The Chinese government may revise laws and regulations governing biotechnology.
In May 2015, the Ministry of Agriculture (MOA) released a draft amendment to the Administrative Measures for Safety Assessment of Agricultural Genetically Modified Organisms for public comments, which was later notified to the World Trade Organization SPS Committee. The amendment would remove timelines for approvals and add economic and social factors to the approval process for the first time.
Biotechnology is designated as a strategic emerging industry in China, and the government invests heavily in biotechnology research.
In September 2014, the government released remarks by President Xi Jinping affirming official support for biotechnology research, but calling for a cautious approach to commercialization. He also said that foreign companies should not be allowed to “dominate the agricultural biotechnology product market.”
This is the first time remarks by President Xi on biotechnology have been made public.
In February 2015, the Chinese Communist Party pledged in its annual high-level policy paper on agriculture to strengthen research, safety management and public outreach on biotechnology.
According to recent news reports, several domestic companies are preparing to submit Bt corn events to MOA for approval for domestic cultivation. It is expected to take three to five years before these events are commercialized.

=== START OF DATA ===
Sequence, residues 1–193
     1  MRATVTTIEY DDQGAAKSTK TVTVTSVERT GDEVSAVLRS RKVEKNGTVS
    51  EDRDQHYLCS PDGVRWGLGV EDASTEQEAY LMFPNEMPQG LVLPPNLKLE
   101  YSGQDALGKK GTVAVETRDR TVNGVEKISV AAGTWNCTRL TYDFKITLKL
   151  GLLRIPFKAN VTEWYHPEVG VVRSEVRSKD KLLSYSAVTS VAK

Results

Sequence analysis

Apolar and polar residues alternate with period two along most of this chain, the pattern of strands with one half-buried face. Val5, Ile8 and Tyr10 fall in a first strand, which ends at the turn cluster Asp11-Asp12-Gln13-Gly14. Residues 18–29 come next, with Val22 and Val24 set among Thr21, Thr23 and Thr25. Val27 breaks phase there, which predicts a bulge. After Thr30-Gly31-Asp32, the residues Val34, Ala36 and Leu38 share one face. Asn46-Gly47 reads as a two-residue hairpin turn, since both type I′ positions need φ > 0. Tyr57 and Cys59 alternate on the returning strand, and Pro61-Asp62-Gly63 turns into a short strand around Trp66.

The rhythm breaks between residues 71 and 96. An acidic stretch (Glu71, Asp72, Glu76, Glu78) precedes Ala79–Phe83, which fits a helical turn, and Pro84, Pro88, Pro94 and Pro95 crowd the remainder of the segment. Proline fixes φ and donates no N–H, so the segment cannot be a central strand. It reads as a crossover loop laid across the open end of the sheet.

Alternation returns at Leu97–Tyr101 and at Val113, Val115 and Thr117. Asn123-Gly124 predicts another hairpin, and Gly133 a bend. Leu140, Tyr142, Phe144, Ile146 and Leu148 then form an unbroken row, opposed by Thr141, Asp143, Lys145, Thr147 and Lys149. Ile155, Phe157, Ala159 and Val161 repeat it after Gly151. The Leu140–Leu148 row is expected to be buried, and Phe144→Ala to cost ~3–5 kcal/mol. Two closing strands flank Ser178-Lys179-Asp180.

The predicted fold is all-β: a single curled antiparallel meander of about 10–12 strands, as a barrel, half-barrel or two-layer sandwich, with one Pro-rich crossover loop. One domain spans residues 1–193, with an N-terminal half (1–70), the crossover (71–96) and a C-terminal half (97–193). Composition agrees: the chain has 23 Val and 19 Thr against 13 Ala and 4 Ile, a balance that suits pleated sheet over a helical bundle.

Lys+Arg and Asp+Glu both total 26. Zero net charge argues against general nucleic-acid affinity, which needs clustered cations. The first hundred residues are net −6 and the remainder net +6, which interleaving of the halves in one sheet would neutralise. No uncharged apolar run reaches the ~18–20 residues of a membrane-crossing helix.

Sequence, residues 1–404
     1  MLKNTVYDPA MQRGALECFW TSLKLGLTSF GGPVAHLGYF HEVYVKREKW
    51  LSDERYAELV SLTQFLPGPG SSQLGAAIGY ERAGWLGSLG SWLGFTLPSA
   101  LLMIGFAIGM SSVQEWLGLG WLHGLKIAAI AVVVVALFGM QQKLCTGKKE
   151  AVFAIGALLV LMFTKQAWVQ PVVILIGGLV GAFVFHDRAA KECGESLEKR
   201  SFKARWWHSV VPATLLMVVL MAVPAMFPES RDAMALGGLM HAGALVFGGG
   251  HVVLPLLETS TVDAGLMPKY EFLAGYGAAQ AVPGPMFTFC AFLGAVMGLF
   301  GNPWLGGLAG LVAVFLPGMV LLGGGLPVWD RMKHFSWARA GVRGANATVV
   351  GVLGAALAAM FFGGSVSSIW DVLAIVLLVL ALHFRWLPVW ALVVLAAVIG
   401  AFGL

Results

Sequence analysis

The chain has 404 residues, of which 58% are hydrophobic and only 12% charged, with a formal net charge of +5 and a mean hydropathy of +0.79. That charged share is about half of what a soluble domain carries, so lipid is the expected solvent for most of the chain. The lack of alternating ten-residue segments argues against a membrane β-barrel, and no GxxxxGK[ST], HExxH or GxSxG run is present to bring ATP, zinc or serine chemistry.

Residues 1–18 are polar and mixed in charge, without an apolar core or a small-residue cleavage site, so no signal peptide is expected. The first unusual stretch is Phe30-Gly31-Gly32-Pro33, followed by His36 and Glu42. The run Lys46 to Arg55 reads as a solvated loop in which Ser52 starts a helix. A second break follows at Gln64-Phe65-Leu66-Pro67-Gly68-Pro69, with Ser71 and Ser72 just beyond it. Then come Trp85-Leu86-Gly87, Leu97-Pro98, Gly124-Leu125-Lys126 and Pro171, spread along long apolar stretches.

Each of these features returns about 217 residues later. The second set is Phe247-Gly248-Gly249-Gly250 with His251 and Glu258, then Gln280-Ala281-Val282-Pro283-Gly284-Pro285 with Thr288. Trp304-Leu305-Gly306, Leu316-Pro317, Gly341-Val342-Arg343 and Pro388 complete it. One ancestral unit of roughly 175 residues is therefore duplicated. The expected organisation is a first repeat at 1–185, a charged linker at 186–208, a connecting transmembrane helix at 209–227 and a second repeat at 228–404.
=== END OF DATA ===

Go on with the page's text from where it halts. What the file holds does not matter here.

China has not approved any foreign biotech food or feed crops for domestic commercial production.
When foreign companies have asked to submit an application for domestic cultivation, MOA informed them that China’s foreign direct investment restrictions prohibit them from doing so.
There have been increasing reports of farmers in China planting unapproved insect-resistant varieties of corn and rice to cope with rising pest pressures, but it is unclear how widespread this trend is.
MOA approved two new soybean and one corn variety for import in December 2014. These were the first new approvals since June 2013.
The increasingly slow and unpredictable approval process resulted in large-scale trade disruptions. Corn trade remains weak after the approval of the corn event MIR 162, while DDGS trade witnessed a recovery. Trade in other products, such as alfalfa, have also suffered from biotech related trade disruptions.
Despite these challenges, China is expected to remain a significant importer of biotech products, notably soybeans.
The United States, as well as many other countries, has continued to press China to adhere to a science-based policy on biotechnology approvals.
Andrew Anderson-Sprecher is an attaché and Ma Jie is an ag specialist in the USDA Foreign Agricultural Service in Beijing. These comments are from the executive summary of their report issued last month, “China considering major revisions to biotechnology regulations.”